How Winter Affects Our Health - And How To Fight Back
The winter season will be here before we know it, and many parts of the country are already beginning to experience snow and cold weather. Coupling that with the fact that we are just about to reach the end of daylight savings time and the sun will soon set before many of us finish the work day, it is important to understand how all of these seasonal changes affect our physical and mental health. Today, Inspyr Gear is offering some advice on how to make the most out of winter.
How Winter Affects Athletes
Seasonal Affective Disorder (SAD) is a phenomenon that many people experience each year when depression-like symptoms creep up with seasonal changes, most often beginning in fall or winter and lessening in spring or summer. This is usually caused by several factors that we’ve outlined below:
- Less sunlight affects our biological clocks and disrupts our circadian rhythms — the sleep-wake cycle that our body naturally follows. This can result in a lack of proper sleep or even oversleeping, lack of energy, and also can make it feel like there is not enough time in the day to accomplish our responsibilities.
- Decrease in vitamin D. Sun exposure produces vitamin D in the body, an important vitamin for fighting depression. When there are fewer hours of sunlight during the day, and most of those hours are spent inside, a vitamin D deficiency can develop, leading to depression-like symptoms.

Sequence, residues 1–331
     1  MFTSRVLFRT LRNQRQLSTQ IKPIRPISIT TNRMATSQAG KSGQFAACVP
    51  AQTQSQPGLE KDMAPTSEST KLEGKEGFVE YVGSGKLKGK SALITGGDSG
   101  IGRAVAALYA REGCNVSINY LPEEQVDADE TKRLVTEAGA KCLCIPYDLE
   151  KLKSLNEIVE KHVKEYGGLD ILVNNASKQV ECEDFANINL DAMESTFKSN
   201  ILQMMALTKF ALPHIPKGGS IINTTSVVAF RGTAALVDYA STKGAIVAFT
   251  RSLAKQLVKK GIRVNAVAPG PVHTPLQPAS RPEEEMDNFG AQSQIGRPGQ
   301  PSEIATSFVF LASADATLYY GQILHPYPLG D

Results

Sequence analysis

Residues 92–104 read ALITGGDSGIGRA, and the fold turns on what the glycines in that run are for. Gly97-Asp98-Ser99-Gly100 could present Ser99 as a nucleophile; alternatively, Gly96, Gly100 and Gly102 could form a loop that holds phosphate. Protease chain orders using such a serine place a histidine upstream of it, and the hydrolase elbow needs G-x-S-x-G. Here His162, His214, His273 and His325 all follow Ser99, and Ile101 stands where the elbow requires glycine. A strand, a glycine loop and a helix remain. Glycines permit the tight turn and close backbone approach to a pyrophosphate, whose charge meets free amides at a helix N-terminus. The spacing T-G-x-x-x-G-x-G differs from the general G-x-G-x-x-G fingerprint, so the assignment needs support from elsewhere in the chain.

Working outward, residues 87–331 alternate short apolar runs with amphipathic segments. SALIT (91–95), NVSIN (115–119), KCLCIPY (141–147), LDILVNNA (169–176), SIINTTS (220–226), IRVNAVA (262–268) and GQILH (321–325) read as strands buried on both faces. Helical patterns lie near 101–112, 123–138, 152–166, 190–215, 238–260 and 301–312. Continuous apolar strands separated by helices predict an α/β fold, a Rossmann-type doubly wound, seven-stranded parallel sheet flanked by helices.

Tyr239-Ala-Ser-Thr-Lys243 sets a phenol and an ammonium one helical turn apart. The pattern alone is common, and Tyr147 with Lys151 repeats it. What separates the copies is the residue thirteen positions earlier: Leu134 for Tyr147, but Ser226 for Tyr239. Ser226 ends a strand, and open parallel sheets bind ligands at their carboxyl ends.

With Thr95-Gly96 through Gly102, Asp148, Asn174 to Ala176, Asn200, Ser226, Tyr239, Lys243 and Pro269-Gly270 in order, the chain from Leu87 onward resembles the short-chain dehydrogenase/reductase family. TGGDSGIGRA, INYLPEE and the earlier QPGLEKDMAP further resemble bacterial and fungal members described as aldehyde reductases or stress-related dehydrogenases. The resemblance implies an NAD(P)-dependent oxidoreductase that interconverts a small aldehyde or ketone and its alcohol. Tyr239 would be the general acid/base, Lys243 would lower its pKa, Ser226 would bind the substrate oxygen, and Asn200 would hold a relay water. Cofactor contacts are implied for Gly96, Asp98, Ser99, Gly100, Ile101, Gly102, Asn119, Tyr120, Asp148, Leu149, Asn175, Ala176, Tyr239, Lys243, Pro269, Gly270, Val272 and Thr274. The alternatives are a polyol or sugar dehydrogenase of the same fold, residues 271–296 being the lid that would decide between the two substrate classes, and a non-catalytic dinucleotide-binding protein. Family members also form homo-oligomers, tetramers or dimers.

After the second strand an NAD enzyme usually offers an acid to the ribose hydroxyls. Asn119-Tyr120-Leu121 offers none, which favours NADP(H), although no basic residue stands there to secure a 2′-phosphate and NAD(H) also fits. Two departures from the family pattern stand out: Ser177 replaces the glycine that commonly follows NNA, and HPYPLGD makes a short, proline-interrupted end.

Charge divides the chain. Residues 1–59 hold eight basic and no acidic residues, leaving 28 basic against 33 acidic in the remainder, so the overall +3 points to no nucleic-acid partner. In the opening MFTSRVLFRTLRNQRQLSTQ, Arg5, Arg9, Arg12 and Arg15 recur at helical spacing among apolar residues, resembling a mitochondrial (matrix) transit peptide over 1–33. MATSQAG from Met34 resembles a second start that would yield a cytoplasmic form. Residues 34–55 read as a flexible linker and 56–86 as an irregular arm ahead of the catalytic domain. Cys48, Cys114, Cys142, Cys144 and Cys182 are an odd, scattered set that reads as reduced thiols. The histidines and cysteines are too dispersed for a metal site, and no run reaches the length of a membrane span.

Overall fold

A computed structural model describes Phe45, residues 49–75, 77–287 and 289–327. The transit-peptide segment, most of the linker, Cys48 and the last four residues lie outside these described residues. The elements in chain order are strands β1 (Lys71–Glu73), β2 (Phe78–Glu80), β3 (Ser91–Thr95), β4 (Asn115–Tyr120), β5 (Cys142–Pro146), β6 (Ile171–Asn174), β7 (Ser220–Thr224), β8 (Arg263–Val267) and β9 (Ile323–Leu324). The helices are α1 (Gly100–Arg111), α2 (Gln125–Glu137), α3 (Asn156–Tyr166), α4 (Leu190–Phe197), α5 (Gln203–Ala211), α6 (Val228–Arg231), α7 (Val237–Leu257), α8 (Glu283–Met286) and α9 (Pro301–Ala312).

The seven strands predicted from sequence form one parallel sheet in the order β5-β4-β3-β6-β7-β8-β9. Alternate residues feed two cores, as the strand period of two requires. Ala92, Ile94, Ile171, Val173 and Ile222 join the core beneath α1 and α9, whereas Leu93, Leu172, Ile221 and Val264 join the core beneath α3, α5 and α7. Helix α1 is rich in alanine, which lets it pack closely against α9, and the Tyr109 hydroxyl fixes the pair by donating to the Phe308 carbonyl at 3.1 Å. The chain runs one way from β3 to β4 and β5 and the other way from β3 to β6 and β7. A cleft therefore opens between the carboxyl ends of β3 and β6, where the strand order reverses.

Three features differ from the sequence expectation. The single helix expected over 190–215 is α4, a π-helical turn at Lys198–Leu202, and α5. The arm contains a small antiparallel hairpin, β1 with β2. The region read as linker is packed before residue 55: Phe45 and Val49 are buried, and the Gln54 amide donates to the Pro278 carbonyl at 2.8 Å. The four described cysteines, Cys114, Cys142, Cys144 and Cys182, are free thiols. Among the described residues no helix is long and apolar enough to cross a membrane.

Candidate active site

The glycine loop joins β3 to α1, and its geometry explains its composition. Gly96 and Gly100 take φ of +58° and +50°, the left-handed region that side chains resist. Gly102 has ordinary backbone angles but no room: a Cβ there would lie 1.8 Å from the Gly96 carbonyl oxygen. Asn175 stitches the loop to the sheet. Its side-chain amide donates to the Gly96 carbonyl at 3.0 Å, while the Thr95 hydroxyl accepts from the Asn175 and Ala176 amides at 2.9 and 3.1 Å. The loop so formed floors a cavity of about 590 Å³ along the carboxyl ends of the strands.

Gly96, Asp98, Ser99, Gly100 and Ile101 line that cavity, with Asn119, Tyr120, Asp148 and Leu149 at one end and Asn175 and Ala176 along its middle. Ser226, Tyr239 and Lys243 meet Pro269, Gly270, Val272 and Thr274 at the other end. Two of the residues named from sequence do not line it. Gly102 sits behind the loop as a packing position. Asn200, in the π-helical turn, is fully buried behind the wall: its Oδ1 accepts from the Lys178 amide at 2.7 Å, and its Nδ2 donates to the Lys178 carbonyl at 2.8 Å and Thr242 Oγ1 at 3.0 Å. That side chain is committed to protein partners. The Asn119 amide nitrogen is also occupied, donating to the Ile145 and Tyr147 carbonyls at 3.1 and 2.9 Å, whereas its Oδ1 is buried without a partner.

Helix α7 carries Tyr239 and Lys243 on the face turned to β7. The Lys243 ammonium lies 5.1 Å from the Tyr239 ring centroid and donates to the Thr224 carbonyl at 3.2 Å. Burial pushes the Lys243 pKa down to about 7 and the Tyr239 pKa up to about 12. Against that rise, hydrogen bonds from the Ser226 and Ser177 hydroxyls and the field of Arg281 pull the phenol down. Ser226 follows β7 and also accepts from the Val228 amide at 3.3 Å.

- Changes in diet: Many of us indulge in more sweet treats and high-carb foods like pasta and potatoes during the winter, often as a way to deal with the cold. This can cause weight gain and make us feel sluggish, making it even more difficult to feel confident and stay active.
- Lack of exercise: Cold temperatures have a major effect on our exercise habits. After all, going for a run after work spending the weekends hiking often ends with daylight savings. Exercising produces so-called “happiness hormones” like serotonin and reduces stress hormones like cortisol. When you begin to exercise less frequently, these hormones can be thrown out of whack.
How Athletes Can Fight Seasonal Affective Disorder
Because athletes often spend so much time outdoors, changes in weather can have a major impact on their mood and behavior. Follow these tips to fight off SAD during the upcoming months:
- Eat healthily: Indulge in sweets and pasta occasionally, but be sure to keep eating plenty of fresh vegetables and lean proteins.
- Keep exercising: Find ways to continue to fit exercise into your schedule. If this means running during your lunch break or committing to going to the gym with friends after work, do it. Don’t let the short days and snow keep you from being active and producing those feel-good hormones.
- Keep yourself motivated: Find what motivates you. Whether it’s wearing inspirational socks under your work clothes, meeting with a therapist, building a vision board, creating a to-do list, or meeting up with friends every week, keep up your motivational habits.